What I am going to do next could be termed as plagiarism. Theres this song by Dan Fogelberg called "The leader of the band"....and the words there somehow open my heart.... So with liberal liberties, here is my version of the song:

"A child of a large family
a business man's son
his hands were meant for luxuries
his heart was second to none
He left his home and went his way
to a dream he believed in
and he gave me a gift
I never can repay...

A peaceful man in his soul
denied a simpler fate
he couldn't carry a tune
but had music in his heart
He earned his love through discipline
A thundering velvet hand
His gentle means of sculpting souls
took me years to understand

The others' lives were different
for they heard another call
they carry on in limbo
and I'm here where I stand
living out this life I've chosen
and come to know so well

I thank you for the dreams
and your faith in my goals
I thank you for the freedom
when it came my time to go
I thank you for the kindness
And the times you got tough
And Baba, I don't think I said
"I love you" near enough.

The hero of my life
is dead and his pictures' turning brown
but his blood runs through my veins
and his song is in my soul
My life has been a poor attempt
to imitate the man
I am the living legacy
to an ordinary man......

Monday, July 5, 2010


“Ma, Ma, can I not have my egg today? And there’s ‘shor’ in my doodh…yuck…and I said I don’t like Complan…can’t you get Milo? Please Ma. And Ma, Suhasini wants to have a dog, can we get one too? At least a kitten? And you know Suhasini’s father said he cannot teach her Sanskrit…I told her that you once got 3 out of 100 in Sanskrit. …do you think Miley Cyrus wears baby dolls to bed? When will you get me those socks, Ma, you know the ones I wear have become too small. Ma, you are not listening…I said I need bigger socks…Ma, Amisha is sleeping at the table. And I need chartpaper, don’t worry I’ll take six rupees from the tray and buy it myself in school. And Ziggydidi said when Amisha’s friends come on Sunday I can go and watch ‘Legally Blonde’ with her because Amisha’s friends are sooo naughty and VERY irritating and I do not want to be here… and you know all my friends are afraid of Amisha and her friends, you do like Selina Gomez, you remember her, the girl in that movie we saw at the hospital…and Ma, yesterday Amisha and Subhika made Ziggydidi chase them in the rain..do you thing Ziggydidi has a cold today? And NOBODY scolds Amisha,, even you don’t tell her anything…I AM eating…and you need to get another toothpaste, something minty. I like minty. And where’s my badge, AMISHA where is my badge, oh yes, it’s in my yesterdays uniform. Ma, do you think I can also call Tatjana and Suhasini on Sunday? Hey, have I taken my Arith CW book….ah there it is….And you said I could have chewing gum, so where is it? And my friends loved your cake, can we have brownies? Yuck you gave me sandwiches again today……Can I watch TV when I get home……..”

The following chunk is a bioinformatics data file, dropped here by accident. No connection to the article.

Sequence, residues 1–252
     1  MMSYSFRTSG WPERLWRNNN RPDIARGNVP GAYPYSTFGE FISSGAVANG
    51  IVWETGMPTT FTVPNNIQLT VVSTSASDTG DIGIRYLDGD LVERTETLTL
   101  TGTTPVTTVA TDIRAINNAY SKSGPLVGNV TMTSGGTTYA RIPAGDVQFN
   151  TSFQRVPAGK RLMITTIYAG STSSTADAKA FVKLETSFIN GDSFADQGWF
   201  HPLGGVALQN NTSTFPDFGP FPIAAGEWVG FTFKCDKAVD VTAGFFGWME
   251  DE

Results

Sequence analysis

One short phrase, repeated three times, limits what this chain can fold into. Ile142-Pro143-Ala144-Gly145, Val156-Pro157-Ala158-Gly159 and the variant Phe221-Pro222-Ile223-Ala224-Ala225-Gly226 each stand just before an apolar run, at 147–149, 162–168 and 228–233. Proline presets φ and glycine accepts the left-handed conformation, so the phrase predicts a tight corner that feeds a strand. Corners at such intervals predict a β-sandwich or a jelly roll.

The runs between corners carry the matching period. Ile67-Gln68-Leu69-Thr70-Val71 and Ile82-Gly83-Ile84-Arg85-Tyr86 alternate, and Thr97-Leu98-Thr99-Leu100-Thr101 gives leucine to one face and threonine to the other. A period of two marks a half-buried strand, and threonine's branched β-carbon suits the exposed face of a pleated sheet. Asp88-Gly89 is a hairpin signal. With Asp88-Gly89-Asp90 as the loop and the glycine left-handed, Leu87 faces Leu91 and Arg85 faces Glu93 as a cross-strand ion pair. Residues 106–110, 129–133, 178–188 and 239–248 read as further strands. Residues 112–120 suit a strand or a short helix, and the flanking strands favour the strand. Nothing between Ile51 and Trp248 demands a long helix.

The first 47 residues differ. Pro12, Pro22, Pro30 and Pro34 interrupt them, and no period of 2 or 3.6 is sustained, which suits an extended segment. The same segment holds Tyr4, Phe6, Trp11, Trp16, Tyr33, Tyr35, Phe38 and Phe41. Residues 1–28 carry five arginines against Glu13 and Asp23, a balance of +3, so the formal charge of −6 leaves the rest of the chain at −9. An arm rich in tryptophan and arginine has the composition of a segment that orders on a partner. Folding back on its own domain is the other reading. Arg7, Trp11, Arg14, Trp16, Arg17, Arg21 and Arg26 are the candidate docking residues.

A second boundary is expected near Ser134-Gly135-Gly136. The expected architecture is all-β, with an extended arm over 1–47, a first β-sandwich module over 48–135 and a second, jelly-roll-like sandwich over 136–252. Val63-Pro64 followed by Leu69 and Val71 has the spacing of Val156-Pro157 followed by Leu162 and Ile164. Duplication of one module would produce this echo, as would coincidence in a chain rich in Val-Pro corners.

That’s Isha for you in the morning…a non-stop prattle jumping from topic to topic that goes on and on till she’s out the door. I just grunt in desperation while Amisha sits and groans and wishes she was back in bed…But a thousand grunts or shut-ups cannot quell my elder daughter’s tirade…. Not being a morning person, I stumble to the kitchen to make their tiffin and save for a few “shut up"s and “hurry up"s, bury my face in the morning Sudoku and wait for the storm to pass….In the 50 minutes it takes for them to have breakfast, get ready and leave for school, I am a wreck, praying for quiet…. Amisha sits at the breakfast table staring at the food and willing it to disappear until one yell from me gets her moving…Then she wants to jump back into bed and pretend it’s a Sunday….
I growl. I grunt… I yell. I resolutely tie their hair, pin their badges, ensure that they have brushed their teeth (Amisha’s the slacker) and mumble a quiet “bye”. They leave and peace descends…..softly, and I have ten more minutes before my day begins……..